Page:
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Advanced Technology Preventing False Positive Results in Lung Cancer

A research team with Mayo Clinic investigators has developed a new technology addressing the drawbacks of CT-based lung cancer tests showing false positive results. These results are accessible in PLOS One.

Tobias Peikert, M.D. and a pulmonologist, Mayo Clinic, stated that most challenging issue in lung cancer screening is that majority of positive test results for the cancer screenings are the false positive. And even, 96% of nodules in people with the danger of lung cancer are not nodules of cancer.

Further, he explained that the false positive screening results may put the significant patient in anxiety. It often procures for additional tests and surgery, which are unnecessary and increase the cost of healthcare. All these consequences may lead to injuries and mortality, which are unintended by the physicians.

Dr. Peikert and Fabien Maldonado, Vanderbilt University, with their associates, employed a radio mics approach to tackle the challenge of false positive tests in the screening of lung cancer. This approach helps to study the lung cancer CT images, which were analyzed as part of the National Lung Cancer Screening Trial.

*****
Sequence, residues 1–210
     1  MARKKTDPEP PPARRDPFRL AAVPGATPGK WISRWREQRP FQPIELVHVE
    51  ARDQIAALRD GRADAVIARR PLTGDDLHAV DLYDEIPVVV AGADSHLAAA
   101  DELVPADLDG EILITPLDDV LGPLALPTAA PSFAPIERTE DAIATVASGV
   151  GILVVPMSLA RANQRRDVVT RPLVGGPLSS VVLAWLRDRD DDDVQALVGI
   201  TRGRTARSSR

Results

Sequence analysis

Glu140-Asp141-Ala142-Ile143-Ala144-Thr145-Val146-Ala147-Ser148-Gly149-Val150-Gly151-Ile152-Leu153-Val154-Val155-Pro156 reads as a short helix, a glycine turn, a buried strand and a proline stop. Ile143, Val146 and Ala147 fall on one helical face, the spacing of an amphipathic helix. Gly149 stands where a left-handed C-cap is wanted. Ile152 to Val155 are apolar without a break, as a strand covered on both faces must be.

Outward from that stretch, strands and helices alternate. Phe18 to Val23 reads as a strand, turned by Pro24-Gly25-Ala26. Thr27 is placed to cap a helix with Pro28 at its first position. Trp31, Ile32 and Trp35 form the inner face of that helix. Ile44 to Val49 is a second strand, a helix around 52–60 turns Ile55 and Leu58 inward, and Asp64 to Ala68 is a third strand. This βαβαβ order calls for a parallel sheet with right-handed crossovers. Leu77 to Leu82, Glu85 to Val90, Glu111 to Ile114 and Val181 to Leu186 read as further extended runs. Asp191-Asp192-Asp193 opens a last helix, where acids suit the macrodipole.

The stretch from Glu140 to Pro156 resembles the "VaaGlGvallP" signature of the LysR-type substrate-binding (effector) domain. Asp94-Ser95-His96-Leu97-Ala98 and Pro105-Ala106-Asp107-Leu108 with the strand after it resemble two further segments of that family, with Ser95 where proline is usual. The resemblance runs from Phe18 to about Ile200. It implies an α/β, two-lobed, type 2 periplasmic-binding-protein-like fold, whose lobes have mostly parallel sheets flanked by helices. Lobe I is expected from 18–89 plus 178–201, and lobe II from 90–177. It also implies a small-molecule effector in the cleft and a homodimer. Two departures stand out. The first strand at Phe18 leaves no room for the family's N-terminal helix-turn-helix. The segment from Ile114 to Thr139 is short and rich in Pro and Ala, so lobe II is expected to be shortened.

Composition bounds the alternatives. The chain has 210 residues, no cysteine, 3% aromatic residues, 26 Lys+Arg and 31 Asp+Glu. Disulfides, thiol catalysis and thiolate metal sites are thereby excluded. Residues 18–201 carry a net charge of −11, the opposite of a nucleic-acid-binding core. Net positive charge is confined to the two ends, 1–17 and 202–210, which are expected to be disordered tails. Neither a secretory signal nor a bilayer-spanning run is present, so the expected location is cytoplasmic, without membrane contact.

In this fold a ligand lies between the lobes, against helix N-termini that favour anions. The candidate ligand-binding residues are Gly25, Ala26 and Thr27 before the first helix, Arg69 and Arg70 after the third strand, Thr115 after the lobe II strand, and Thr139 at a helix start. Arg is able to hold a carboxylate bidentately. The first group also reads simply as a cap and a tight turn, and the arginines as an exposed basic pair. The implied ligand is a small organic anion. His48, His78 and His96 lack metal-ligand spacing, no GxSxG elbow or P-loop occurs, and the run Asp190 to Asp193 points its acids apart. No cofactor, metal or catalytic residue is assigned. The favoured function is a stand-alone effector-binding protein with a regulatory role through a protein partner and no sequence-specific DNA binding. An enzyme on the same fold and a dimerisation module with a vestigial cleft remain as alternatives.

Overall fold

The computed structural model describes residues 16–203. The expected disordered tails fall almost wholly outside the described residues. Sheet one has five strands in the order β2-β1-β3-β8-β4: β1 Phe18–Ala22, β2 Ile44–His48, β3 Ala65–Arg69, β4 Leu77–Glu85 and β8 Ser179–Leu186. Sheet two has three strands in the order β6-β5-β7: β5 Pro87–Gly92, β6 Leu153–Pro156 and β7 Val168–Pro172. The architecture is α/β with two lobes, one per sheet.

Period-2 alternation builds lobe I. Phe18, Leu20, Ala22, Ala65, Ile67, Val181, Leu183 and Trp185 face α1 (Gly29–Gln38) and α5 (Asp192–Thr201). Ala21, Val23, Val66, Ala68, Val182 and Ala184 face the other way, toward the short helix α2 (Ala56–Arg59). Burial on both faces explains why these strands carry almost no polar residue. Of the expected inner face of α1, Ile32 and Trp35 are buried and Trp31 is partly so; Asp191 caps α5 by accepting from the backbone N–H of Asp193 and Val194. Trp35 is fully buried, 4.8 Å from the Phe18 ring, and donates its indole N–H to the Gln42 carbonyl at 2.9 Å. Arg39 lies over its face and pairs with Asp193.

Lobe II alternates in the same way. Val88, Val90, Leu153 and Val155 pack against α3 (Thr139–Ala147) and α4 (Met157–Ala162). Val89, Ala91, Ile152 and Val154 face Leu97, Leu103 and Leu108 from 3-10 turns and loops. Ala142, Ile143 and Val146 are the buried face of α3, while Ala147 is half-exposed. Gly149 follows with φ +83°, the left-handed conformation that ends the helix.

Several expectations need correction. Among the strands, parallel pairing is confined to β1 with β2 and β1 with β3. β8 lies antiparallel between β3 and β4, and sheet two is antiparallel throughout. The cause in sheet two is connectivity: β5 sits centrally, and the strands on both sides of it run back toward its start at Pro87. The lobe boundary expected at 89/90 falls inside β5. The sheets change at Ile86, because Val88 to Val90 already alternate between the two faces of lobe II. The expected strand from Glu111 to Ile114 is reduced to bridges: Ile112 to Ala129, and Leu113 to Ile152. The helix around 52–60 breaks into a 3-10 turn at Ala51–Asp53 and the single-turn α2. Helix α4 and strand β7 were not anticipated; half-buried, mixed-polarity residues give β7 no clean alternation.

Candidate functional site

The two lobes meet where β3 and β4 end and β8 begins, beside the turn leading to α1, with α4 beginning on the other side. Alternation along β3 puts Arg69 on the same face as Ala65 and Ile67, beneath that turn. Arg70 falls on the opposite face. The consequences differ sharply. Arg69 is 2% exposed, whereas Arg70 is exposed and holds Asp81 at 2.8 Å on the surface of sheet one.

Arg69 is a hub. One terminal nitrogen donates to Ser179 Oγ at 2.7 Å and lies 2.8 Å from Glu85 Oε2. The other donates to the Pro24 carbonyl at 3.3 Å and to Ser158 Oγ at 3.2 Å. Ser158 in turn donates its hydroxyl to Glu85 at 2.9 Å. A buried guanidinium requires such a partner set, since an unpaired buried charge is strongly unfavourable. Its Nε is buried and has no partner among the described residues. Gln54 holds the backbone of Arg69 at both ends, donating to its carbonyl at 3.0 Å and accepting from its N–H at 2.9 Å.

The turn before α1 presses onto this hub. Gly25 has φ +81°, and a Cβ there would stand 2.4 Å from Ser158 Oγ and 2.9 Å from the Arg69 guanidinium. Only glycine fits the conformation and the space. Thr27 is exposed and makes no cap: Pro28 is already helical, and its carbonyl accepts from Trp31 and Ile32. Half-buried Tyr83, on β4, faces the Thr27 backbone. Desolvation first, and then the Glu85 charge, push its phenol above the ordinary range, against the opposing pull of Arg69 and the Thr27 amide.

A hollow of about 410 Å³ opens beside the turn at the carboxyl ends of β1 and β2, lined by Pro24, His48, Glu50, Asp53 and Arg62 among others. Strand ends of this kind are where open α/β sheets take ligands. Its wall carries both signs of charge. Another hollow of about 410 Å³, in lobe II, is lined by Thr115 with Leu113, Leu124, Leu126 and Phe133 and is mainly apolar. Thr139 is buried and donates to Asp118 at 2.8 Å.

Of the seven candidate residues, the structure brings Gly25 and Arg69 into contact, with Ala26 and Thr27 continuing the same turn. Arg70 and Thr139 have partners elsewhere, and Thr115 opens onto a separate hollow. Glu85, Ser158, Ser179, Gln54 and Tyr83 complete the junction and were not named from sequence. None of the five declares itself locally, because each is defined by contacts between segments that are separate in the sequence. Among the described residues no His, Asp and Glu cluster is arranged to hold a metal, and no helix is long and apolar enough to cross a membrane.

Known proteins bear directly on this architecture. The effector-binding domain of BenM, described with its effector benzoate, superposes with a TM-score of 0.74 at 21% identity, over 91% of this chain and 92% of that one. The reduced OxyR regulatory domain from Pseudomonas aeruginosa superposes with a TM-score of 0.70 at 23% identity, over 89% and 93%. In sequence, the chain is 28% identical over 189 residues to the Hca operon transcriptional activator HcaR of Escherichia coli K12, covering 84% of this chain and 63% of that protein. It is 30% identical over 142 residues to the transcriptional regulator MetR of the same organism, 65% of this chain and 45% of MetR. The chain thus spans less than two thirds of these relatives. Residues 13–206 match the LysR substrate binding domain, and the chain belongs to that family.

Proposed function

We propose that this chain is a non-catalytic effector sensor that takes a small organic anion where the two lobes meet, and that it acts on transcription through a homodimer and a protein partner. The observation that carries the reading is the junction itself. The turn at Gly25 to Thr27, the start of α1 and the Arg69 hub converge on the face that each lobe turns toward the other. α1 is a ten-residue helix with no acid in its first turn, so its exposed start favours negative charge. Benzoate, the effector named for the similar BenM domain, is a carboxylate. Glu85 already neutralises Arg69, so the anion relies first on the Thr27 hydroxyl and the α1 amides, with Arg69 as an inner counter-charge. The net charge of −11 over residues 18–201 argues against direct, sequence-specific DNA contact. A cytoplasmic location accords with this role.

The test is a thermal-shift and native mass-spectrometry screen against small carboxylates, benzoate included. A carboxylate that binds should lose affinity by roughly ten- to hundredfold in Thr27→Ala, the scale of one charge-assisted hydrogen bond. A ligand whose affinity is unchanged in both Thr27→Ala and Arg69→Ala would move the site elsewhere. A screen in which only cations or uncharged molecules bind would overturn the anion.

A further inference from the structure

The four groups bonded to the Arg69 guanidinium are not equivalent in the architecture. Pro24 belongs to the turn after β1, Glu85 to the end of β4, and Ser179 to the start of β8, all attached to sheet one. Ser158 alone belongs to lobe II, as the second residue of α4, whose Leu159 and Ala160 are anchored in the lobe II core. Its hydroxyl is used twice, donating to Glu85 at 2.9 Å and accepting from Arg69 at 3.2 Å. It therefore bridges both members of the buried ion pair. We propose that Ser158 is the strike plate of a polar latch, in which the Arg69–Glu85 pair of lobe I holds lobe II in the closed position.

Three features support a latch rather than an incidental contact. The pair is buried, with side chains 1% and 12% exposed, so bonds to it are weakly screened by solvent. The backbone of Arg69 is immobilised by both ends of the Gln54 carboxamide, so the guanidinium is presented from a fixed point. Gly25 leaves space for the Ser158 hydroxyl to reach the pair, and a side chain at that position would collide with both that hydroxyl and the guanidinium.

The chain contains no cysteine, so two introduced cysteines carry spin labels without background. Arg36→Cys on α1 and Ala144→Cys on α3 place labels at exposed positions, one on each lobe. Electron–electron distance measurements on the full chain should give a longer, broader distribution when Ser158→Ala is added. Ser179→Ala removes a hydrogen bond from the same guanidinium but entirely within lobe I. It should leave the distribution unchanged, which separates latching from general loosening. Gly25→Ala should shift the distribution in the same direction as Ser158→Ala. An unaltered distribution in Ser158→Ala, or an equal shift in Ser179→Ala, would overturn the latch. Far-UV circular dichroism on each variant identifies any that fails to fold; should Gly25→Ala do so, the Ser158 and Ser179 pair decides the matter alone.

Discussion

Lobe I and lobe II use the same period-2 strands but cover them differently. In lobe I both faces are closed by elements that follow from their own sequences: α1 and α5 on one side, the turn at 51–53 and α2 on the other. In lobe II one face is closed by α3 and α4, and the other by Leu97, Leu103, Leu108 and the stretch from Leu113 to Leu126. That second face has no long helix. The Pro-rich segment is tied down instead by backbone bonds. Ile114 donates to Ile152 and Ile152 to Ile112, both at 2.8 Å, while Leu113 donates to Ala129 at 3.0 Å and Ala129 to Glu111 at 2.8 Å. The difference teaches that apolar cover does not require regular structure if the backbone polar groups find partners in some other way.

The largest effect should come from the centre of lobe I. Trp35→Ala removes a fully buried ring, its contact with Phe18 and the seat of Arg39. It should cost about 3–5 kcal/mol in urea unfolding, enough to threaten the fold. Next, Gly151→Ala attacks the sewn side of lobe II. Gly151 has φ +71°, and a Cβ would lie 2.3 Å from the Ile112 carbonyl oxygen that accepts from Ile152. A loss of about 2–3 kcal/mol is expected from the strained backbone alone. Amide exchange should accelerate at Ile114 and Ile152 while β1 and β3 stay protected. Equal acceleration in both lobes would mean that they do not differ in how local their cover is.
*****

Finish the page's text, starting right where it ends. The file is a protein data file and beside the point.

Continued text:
Radiomics extracts huge quantitative data from medical images. It also uses computer programs to detect the characteristics of the disease, which cannot be seen by the naked eye.

A set of about 57 variables were tested for shape, volume, nodule density & surface characteristics, and texture of the surrounding lung tissue. About eight variables were identified by the researchers, which helped them to differentiate in between benign nodule and a cancerous nodule.

The results disclosed that all of the eight variables were not linked directly to the nodule size. Static variables such as past cancer history, smoking status, and age were not included as a part of their testing.

Researchers from Australia have announced a new drug for the treatment of an aggressive form of breast cancer. The treatment starves the cancer cells of nutrients and stops their multiplication.

Clinical trials will be started within the next few years once they are successful in the lab. This treatment is supposed to offer a hope for women diagnosed with triple-negative breast cancer, which accounts for around 15% of all breast cancer cases. This cancer has typically poorer survival outcomes.

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